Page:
Monday, August 6, 2012

growing apart from your best friend.


You want there to be a reason. A concrete reason as to why you no longer feel the way you once did about your best friend, the person you grew up with and have been close with for forever. A reason would make it easier. It would make you feel less guilty. It would make the dissolution less strange and painful.
But sometimes there isn’t one. Sometimes you grow apart from your best friend and there really isn’t a good reason as to why. It might be completely one-sided too, which makes you feel even worse. You’re drifting away and they still feel like nothing’s changed. You wonder if you’re a cold-hearted jerk for throwing away years of friendship. People are really invested in this idea of time being the ultimate marker for closeness and I think it’s sort of BS. “We’ve been friends just for so long, you know?” Yeah, so what? You’ve been friends for years and now you’ve grown apart. Do you keep it going, do you force the connection, just because it’s been going on for so long? If anything, keeping a friend around just because you’ve known them for so long seems more heartbreaking than just ending it. You’ll just always be reminded of how close you USED to be and how everything’s now changed and you’re not sure why. To me, that seems more painful than just cutting the friendship off.
Sometimes you just grow apart from people. You get older, your personality matures or devolves, and all of a sudden you find yourself not having a whole lot in common with someone you once did. This is just a casualty of growing up. For some reason, “growing apart” is the hardest thing to come to terms with. You wish you could just get into an explosive fight with your best friend and use that as a scapegoat. The reality, however, is that you will always love and care about them. You just don’t necessarily feel the need to have them in your life anymore. The catch up phone calls are becoming forced, you’re grasping at straws trying to come up with conversation topics. They live in a different state and aren’t involved in the day-to-day of your life which makes things difficult. You begin to dread these catch up sessions because not only do they take forever but there’s this underlying tension you are both trying so hard to avoid. The more you try to pretend the friendship is the same, the more obvious it becomes that it’s changed.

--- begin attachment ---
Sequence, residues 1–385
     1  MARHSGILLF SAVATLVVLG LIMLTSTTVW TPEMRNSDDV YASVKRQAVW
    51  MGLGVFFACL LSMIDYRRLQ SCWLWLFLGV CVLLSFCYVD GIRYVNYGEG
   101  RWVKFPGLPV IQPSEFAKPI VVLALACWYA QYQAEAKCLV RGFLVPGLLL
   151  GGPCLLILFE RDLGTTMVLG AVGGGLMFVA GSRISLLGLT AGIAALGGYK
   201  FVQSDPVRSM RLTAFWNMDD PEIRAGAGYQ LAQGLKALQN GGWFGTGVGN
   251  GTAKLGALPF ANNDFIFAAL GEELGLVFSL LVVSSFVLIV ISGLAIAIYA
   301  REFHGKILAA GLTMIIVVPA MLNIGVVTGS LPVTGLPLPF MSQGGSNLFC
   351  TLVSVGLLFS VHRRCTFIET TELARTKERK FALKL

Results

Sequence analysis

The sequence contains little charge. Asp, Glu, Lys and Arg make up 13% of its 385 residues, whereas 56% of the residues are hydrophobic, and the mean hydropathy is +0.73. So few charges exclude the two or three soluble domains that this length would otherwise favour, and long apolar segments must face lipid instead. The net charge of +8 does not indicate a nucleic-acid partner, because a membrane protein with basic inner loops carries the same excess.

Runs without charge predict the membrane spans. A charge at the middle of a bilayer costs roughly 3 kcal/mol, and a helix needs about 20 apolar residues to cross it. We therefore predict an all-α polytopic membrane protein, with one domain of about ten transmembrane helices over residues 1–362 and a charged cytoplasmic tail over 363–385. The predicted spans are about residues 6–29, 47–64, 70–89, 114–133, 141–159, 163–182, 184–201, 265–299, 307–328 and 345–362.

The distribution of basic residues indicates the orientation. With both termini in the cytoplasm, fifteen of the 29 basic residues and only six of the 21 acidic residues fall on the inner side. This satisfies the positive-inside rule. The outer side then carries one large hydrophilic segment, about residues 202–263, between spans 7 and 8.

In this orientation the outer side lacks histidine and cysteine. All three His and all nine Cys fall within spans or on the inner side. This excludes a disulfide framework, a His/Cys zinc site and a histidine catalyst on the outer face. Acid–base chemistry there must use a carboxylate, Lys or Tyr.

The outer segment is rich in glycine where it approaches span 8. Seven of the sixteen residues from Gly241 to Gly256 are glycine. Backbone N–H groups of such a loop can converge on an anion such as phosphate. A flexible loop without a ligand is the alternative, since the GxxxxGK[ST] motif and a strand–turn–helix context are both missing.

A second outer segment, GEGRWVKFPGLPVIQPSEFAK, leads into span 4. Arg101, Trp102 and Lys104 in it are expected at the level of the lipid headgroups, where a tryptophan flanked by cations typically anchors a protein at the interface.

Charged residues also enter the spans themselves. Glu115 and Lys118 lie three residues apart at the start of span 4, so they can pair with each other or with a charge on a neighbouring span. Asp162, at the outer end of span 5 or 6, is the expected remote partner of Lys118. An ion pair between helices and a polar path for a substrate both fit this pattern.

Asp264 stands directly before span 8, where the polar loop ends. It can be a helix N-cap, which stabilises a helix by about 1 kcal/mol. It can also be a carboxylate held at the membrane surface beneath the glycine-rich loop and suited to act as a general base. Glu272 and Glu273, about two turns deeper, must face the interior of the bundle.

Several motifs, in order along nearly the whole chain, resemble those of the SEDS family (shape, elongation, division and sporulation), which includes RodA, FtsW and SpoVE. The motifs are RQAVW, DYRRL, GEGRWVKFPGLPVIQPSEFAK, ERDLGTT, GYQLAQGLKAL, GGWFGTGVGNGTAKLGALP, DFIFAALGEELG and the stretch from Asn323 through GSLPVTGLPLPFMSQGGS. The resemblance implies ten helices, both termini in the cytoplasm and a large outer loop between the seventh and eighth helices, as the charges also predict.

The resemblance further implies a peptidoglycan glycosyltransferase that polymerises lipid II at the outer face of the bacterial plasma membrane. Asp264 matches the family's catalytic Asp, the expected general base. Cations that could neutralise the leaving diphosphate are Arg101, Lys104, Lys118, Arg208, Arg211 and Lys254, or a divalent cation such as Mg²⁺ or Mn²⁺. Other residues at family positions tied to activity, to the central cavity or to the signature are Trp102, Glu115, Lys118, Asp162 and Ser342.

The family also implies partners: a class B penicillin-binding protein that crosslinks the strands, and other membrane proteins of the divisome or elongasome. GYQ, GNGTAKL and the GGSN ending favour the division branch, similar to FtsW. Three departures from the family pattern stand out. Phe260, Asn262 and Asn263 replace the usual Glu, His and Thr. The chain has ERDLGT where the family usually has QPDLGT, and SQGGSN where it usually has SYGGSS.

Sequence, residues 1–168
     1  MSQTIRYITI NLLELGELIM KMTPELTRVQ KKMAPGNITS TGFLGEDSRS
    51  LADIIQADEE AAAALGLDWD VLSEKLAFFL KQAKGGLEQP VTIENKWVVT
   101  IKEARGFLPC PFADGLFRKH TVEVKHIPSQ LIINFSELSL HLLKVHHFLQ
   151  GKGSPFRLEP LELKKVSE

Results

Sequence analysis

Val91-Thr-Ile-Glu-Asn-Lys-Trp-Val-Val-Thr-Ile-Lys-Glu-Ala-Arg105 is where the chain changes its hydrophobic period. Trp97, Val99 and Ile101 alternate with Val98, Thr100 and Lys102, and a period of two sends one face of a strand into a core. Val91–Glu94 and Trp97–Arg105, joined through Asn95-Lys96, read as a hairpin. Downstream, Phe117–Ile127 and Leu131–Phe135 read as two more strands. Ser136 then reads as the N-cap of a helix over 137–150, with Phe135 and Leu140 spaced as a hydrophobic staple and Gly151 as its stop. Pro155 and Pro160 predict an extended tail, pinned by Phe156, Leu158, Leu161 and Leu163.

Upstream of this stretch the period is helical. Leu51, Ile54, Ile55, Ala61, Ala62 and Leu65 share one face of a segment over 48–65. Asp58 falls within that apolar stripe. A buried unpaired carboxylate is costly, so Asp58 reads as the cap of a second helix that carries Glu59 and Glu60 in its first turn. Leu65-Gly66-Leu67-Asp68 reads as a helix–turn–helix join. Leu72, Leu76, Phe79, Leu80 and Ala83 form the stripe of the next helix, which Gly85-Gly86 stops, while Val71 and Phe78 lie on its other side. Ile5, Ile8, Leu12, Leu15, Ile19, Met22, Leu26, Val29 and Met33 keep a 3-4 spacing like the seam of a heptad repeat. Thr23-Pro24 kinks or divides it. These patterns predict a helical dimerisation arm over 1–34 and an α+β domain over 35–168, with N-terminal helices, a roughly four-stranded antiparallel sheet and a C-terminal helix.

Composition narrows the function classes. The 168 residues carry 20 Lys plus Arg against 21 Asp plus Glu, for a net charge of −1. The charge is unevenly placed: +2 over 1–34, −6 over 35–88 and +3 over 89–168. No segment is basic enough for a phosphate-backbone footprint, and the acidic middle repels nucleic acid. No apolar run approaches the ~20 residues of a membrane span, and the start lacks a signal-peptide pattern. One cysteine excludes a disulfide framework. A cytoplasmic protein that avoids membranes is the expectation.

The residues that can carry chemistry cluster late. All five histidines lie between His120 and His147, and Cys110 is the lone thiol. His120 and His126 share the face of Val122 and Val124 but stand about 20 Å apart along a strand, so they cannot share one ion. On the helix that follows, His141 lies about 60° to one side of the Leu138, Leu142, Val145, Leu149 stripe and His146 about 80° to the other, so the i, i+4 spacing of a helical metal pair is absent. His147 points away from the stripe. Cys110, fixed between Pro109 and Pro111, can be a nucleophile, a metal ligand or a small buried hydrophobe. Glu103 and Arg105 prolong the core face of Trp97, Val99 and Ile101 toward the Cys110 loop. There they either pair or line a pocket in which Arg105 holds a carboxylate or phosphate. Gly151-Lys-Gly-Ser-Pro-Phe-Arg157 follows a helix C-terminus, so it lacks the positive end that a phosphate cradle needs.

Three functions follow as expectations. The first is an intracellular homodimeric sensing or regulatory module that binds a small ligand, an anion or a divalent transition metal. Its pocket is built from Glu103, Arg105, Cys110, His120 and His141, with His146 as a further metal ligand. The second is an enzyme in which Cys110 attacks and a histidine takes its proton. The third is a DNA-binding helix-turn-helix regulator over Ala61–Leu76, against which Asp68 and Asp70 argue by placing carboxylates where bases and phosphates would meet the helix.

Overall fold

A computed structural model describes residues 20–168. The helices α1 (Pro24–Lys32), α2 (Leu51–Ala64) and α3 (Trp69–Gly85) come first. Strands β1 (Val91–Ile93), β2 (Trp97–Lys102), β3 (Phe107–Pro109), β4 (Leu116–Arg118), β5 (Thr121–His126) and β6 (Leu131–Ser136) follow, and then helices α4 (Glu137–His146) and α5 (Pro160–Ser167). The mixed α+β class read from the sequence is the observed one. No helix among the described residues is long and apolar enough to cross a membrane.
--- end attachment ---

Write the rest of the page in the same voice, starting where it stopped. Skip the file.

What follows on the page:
There’s no easy solution for this. What do you do? Do you call them up and say, “Look, I love you and always will but I feel like have nothing to say to you anymore?” You can’t do that! Can you?
Or do you just let it slowly die? You ignore their phone calls and then finally you put the nail in the coffin by being in the same city as them and “forgetting” to see them. That’ll let them know that it’s officially over.
I don’t know. You wish you could just be honest with each other but that’s hard, But you know what? Lying is hard too! It might even be harder than telling the truth. If you grow apart from someone, can you just be real about it? Can you ever tell them how you really feel?
Maybe. Regardless of how you choose to have the friendship end, it’s over. And sometimes that realization is harder to come to terms with than anything else.

thought catalog. 

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